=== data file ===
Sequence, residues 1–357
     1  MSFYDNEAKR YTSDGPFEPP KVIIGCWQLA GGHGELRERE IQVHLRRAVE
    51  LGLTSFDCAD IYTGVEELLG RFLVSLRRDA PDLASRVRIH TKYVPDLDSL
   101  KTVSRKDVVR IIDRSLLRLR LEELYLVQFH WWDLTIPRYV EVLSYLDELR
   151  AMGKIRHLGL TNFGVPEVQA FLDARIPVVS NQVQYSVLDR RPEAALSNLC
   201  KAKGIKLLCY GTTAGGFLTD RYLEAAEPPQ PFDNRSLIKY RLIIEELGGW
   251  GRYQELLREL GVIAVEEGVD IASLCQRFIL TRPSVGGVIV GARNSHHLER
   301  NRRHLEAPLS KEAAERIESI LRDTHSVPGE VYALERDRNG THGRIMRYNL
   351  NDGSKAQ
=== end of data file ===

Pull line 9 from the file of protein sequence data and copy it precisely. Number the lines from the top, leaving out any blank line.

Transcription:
   351  NDGSKAQ